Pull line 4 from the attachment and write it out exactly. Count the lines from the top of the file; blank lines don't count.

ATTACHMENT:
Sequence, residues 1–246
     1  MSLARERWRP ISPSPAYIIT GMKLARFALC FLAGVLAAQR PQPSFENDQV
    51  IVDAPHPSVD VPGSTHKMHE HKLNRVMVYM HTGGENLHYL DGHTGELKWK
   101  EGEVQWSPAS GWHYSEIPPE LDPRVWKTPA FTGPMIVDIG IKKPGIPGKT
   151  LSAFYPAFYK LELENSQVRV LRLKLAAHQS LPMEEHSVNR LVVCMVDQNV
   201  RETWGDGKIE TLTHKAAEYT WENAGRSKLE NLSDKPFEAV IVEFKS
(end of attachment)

   101  EGEVQWSPAS GWHYSEIPPE LDPRVWKTPA FTGPMIVDIG IKKPGIPGKT